Rev. Bowers preached with fervor, frugality

Published 2:57 pm Wednesday, April 14, 2010

Lest readers begin to feel, from the first two tales, that most men in Dark Corner were rough moonshiners, mischief makers or worse, trigger-happy killers, there were other rough-hewn men who stood tall and stalwart.

None stood taller than A.D. Bowers.

Most folks called him the Rev. Alex Bowers, the man of God who never wavered in his untiring pastoral efforts for 23 different churches in the mountains of upper South Carolina, many of them in the Dark Corner.

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He organized six Baptist churches Oak Grove, Locust Hill, Highland, Camp Creek, Ebenezer-Welcome and Reedy River Cotton Mill while he worked tirelessly in the ministry for over 40 years, without salary.

If you are obedient to the Lord, and tithe your time and money for His work to get done, God is always gracious enough to meet your needs, he would say.

Born in upper Greenville County in February, 1826, he married Mary Center in 1846. He was granted a license to preach by Glassy Mountain Baptist Church in July, 1859, and was ordained two years later.

But then he had to leave his modest farm and serve in the Confederate Army during the War Between the States.

He began his compassionate pastoral ministry after returning from the war, and became a staunch supporter of Christian education, benevolence, home and foreign missions that were sponsored by the local association and the State Baptist Convention.

He always took a firm stand in opposition to the making of whiskey that so many in his congregation and in surrounding congregations considered their God-given, inalienable right.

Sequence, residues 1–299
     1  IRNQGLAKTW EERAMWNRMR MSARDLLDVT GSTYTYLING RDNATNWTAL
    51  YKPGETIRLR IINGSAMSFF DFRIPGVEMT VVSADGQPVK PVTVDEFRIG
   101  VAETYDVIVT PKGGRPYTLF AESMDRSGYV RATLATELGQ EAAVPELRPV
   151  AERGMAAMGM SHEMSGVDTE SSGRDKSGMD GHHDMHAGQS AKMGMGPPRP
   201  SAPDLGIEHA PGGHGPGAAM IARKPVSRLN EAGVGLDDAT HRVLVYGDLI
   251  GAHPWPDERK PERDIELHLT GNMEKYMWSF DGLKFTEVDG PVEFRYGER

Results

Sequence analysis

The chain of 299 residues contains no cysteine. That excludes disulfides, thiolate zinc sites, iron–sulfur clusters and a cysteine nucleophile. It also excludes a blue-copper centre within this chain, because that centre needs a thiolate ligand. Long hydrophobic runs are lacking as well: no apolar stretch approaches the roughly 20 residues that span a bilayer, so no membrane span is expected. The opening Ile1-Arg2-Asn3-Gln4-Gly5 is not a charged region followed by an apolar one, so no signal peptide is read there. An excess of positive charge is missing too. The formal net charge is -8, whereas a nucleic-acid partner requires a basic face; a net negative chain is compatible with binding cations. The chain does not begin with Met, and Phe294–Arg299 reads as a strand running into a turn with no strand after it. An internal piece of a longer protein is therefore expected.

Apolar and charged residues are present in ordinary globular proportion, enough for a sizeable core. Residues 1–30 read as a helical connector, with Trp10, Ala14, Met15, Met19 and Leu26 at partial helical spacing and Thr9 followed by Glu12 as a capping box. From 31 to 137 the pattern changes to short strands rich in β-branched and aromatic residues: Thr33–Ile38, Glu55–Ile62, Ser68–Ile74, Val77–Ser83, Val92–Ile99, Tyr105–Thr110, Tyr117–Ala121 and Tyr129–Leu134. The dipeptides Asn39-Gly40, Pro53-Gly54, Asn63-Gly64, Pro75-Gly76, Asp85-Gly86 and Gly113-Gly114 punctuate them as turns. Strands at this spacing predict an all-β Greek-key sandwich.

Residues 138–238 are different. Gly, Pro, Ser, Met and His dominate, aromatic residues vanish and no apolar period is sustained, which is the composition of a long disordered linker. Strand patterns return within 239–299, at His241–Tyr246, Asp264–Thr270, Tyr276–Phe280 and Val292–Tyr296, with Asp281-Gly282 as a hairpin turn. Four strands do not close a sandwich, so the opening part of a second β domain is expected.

He was frequently at odds with some outspoken moonshiners after delivering one of his lengthy sermons on the subject.

On a particular Sunday, his continuing opposition had become strong enough that a group of moonshiners, already about two or three sheets to the wind, decided to kill him. They went to the church where he was scheduled to preach that morning.

He was in the pulpit ready to begin his sermon as they approached the windows of the outside wall and pointed their guns through them. Rather loudly, they announced they were there for one purpose: To shoot you dead!

Rev. Bowers calmly said to the men: God has given me this message to preach, fellows. Just wait until I finish preaching it, and then you can kill me.

He opened his Bible and began his usual, fiery (and lengthy) sermon.

By the end of it, his Godly courage defeated their purpose and they returned peacefully to their homes, much to the relief of folks in the congregation.

The courageous Gospel hero of the hills died 20 days before his 83rd birthday in 1909. Though his body had become too frail to easily stand, his last sermons were delivered with deep-seated compassion while sitting in a chair.